Layoffs Hit Gumroad As The E-Commerce Startup Restructures

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San Francisco startup Gumroad, which lets people sell products directly to consumers by way of quick and simple  links, has been in the process of laying off most of its staff in an effort to run more efficiently. Sahil Lavingia, Gumroad’s CEO and founder, confirmed the layoffs to TechCrunch, and said the company would stay in business.

Gumroad blazed into the market in 2011 under Lavingia, who had dropped out of college and cut his teeth as an early designer for Pinterest. The company quickly raised $8 million in the course of a few months, including a $7 million series A round led by Kleiner Perkins Caufield & Byers. Lavingia — and investors — thought he might have an idea that could soon be a billion-dollar startup: a way for people to make a living as creators via links that takes them directly to a purchase page, where customers can pay for and download those products.

But that rapid growth didn’t quite materialize for the startup. Gumroad’s uphill battle may sound familiar to observers of the industry: the e-commerce business, where services take a small transaction fee of each payment, is one of very low margins. Gumroad’s other challenge is that it also needs to establish a community of creators — including high-profile ones — that are open to selling their products through the service.

Lavingia said he wanted to ensure that the site continues to operate and continue giving creators a way to make money off their products. October was still Gumroad’s biggest month in terms of how much volume the company is doing and how much revenue it’s generating — and how much money is going into creators’ pockets — he said. There are more than 15,000 creators that sell their products via Gumroad.

“This was the hard decision. I didn’t want to make one and then six months from now make another,” Lavingia said. “That would drive people insane. Now we can focus on what we’re gonna do after this. There’s not much more to the fact that we’re gonna come into work and work on Gumroad.

The crux of the issue, essentially, is that Gumroad probably wasn’t growing fast enough. All this taken together can often lead to a challenging fundraising process, and in the end, Lavingia opted to slim down the company. The company had 22 employees as of earlier this year, and it has been in the process of laying off all but what is expected to be around 3 of its staff. (That number could end up being a little higher, Lavingia said.)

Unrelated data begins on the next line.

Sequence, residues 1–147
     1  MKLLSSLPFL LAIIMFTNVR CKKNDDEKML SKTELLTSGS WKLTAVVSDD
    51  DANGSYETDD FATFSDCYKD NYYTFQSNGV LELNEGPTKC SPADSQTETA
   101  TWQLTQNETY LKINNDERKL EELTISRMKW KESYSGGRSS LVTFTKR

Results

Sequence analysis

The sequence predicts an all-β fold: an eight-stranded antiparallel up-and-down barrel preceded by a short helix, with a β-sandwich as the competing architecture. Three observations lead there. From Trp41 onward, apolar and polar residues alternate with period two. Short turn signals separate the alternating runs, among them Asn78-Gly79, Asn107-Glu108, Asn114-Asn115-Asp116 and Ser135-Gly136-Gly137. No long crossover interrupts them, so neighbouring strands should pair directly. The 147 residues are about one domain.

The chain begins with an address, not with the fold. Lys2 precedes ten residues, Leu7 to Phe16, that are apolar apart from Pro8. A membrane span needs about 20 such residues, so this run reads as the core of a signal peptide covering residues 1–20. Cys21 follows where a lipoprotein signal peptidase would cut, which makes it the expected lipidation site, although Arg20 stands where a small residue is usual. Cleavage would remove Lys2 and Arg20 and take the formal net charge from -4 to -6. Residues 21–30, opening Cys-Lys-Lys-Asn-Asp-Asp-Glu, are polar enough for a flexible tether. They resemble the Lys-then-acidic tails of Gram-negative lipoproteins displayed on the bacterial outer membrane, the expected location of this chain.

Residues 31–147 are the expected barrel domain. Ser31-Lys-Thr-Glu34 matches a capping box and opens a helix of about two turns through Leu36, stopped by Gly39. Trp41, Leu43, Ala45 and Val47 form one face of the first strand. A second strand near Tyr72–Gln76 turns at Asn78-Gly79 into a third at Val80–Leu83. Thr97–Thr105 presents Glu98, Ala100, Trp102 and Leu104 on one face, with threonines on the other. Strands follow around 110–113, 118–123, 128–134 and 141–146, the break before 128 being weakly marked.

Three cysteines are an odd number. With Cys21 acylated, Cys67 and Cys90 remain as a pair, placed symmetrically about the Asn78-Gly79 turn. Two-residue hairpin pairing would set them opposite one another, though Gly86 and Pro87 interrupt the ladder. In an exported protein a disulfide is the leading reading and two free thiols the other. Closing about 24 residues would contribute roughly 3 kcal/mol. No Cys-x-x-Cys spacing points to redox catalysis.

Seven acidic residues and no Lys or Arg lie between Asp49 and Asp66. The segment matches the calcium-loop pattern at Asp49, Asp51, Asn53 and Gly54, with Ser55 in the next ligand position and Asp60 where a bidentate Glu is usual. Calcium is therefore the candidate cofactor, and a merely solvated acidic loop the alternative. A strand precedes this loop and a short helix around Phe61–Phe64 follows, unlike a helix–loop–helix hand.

“We want to enable every creator on the planet to make a living to do what they want to do, which is make stuff,” Lavingia said. “If you’re a musician you want to pay your rent by making music. My goal as a creator, I want a lot of people to use my software. I would say in that sense, I don’t think our mission has changed.”

Another part of the reason for the layoffs was that Gumroad, while growing, was not growing fast enough necessarily to convince investors to give them a strong deal. The company has raised around $8 million, with both its seed and Series A rounds happening in 2012. Given that the rounds happened so long ago, that would imply that the company was operating at some level of capital efficiency.

“It’s not like this company had this massively high burn rate, they are in the process of building a business,” Kleiner Perkins’ Mike Abbott, who made the Gumroad investment, said. “Building the type of business that Gumroad is takes time and patience.” Abbott stressed that he was a strong supporter of Lavingia and Gumroad.

To be sure, layoffs can happen in any environment — even for companies that are able to generate significant revenue. For example, Twitter laid off 8 percent of its employees as one of the first moves by new CEO Jack Dorsey. Gumroad’s efforts to continue to operate as a leaner team are not uncommon in the startup world. Still, it’s a tough southbound turn for a company that hit the ground running with a lot of promise.

Gumroad had all kinds of potential, and may still have it. It partnered with Hachette to allow the publisher to basically sell books directly through links on Twitter. The company was an early partner with Twitter’s buy button. Lavingia says that Gumroad will continue rolling out new features. For instance, last week, it launched a feature that allows UK-based creators to be directly paid to their bank account instead of just PayPal.

Gumroad started as a product that would help creators sell their products easily through links. But other payments services have also sought to help partners easily accept payments for their products and services, like Stripe and Braintree, and competition has grown significantly for Gumroad. The biggest question, of course, will be which product will be the one that helps the company achieve the potential that investors and observers saw the company had from the start.

“Rarely is it a case where a company grows in a straight, linear line,” Abbott said. “I know that from my own experience, one of the reasons why I respect these kinds of decisions, to make these difficult decisions shows Sahil’s resolve. Building a company is tough; you have to make hard decisions.”